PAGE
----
Although the 3.4% federal student loan rate will double if Congress doesn't act soon, financial advisers still argue that government loans are a better choice than most other debt options for financing a college education.
If, by July 1, Congress doesn't renew the rate on new Stafford loans for another year, it will automatically climb to 6.8%, causing interest expense to rise by about $1,000 a year, on average, for the 7.4 million students who typically take out these loans every year, according to the White House.
Although Democrats and Republicans agree on extending the lower rate, they disagree on where to find the $6 billion needed to pay for it.
In the Senate last week, Republicans blocked efforts to continue debate on a Democratic bill that would fund extension of the 3.4% loan rate by closing what supporters called a “loophole” that allows certain S corporations to avoid paying some Social Security and Medicare taxes.
On the other side of the political aisle, the GOP-controlled House passed a bill last month that would fund the loan program by diverting funds from preventive health care, but the White House maintains that President Barack Obama won't sign such a measure.
“It's crunch time for Congress,” Sen. Jack Reed, D-R.I., told reporters at the Capitol on Tuesday. “Both parties have to work together to find a fair and rational way of keeping the student loan interest rate in check.”
The issue takes on more urgency at a time when American students and their parents are already struggling with soaring higher-education costs and about $1 trillion in education debt.
Benjamin Tobias, president of Tobias Financial Advisors Inc., said that if the rate were allowed to rise to 6.8%, the financial impact would be dwarfed by the damage done to the lives and careers of young people forced to give up their college dreams.
“We've seen kids not going to college already, because of the high cost of college,” he said.
But most advisers said that even at 6.8%, the rates and terms of student federal loans still would be superior to other financing options for college. They recommend that clients accept all offers of federal loans.
The loans are advantageous for several reasons: The government pays the interest while the student is still in school, borrowers can receive income-based repayment options, and loans are canceled in the case of death.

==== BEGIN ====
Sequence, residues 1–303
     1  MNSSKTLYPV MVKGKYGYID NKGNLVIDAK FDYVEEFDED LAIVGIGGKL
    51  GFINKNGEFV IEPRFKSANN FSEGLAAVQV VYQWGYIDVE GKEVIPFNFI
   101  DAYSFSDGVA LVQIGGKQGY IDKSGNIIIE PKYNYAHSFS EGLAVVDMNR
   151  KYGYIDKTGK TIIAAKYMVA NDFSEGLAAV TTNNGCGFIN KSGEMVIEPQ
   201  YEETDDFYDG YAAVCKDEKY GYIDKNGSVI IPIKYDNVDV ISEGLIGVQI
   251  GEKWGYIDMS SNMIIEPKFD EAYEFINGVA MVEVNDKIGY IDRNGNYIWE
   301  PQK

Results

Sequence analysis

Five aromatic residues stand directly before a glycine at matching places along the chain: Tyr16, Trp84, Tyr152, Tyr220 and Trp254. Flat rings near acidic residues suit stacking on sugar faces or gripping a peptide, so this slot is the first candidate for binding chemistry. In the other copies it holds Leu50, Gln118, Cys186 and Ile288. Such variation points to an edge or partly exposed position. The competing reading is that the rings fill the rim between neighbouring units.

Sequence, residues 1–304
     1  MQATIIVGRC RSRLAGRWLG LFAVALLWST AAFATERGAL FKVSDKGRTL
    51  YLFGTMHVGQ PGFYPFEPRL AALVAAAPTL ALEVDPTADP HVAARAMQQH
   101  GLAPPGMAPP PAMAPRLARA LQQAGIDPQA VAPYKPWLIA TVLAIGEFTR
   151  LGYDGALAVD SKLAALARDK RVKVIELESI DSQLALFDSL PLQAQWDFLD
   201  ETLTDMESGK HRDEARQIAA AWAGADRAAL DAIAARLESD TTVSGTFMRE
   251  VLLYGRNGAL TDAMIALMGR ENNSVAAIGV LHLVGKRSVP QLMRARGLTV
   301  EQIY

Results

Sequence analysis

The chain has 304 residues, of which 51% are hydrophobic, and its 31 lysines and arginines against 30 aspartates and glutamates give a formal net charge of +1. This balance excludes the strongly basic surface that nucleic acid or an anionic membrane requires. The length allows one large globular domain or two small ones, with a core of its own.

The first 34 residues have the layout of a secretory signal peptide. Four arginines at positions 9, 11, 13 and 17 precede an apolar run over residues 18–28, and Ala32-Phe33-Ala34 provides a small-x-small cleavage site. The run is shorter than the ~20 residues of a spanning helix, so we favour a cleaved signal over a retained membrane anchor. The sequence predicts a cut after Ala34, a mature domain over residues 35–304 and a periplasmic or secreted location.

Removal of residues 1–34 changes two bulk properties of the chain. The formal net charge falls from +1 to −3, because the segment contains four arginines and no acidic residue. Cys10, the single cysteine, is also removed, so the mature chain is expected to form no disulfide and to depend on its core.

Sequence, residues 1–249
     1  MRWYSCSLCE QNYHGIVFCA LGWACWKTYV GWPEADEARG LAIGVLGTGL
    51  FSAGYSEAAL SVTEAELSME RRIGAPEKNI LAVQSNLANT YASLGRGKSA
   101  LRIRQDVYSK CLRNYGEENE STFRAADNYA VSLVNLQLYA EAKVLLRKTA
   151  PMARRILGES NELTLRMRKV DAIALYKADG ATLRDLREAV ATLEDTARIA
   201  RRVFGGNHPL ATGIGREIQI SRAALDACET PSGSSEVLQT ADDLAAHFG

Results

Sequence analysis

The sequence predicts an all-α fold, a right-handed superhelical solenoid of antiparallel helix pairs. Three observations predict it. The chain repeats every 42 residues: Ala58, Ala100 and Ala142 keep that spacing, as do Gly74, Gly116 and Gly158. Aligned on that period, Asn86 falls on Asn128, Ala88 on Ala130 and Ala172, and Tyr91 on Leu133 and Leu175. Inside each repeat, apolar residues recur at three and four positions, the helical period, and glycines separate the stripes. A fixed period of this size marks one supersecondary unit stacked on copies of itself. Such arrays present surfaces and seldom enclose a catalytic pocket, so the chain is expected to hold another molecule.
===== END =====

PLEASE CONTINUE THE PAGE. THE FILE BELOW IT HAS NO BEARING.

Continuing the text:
After accounting for funds specifically saved for college and taking out federal loans, advisers who specialize in education funding usually recommend private student loans or that parents seek home equity loans.
However, with nearly one in four U.S. homeowners owing more on their mortgage than their home is worth, private loans are sometimes the only option. Luckily, these products have improved, according to advisers.
Since the federal government took over being the direct lender on federally backed loans in 2010, private student loans are offering lower rates and better terms, said Harvey Meldrum, founder of Meldrum Financial LLC.
“Commercial banks have had to get more competitive in terms of rates and features,” he said.
The major private-loan providers, including Sallie Mae and Wells Fargo & Co., now offer fixed-rate student loans, which are an improvement over variable-rate loans, said Mark Kantrowitz, publisher of FinAid.org, a college grant and loan website.
Private lenders are offering rates that are often lower than Parent PLUS loans, which the government offers to parents at a rate of 7.9%, he said.
However, parents' credit scores must be very high to get the best rates — 5% or less, Mr. Kantrowitz said.
Private loans are in the student's name, cautioned Fred Amrein, president of Amrein Financial. Even if the parent is the co-signer, the first responsibility for repaying the loan falls to the student, he said.
“These fixed-rate private loans can be a good deal for some borrowers,” Mr. Kantrowitz said.
The new Consumer Financial Protection Board is examining the private-student-loans market and is due to weigh in with its recommendations in a July report to Congress. The report may address whether people who have student loans should be allowed to discharge them through bankruptcy, which would require congressional action.
One new student lender, Social Finance Inc., offers rates more favorable than the government's PLUS loans and fixed-rate private loans, and matches many of the benefits of the federal student loans, including income-based repayment options.
SoFi raises money from alumni of certain colleges that is pooled to fund loans for students of that college. Alumni of Stanford University's Graduate School of Business have lent about $2 million to students for the 2011-12 academic year.
SoFi said alumni will get a 5% return on their investments.
The company said it plans to offer $150 million in new loans at 40 schools for the 2012-13 school year.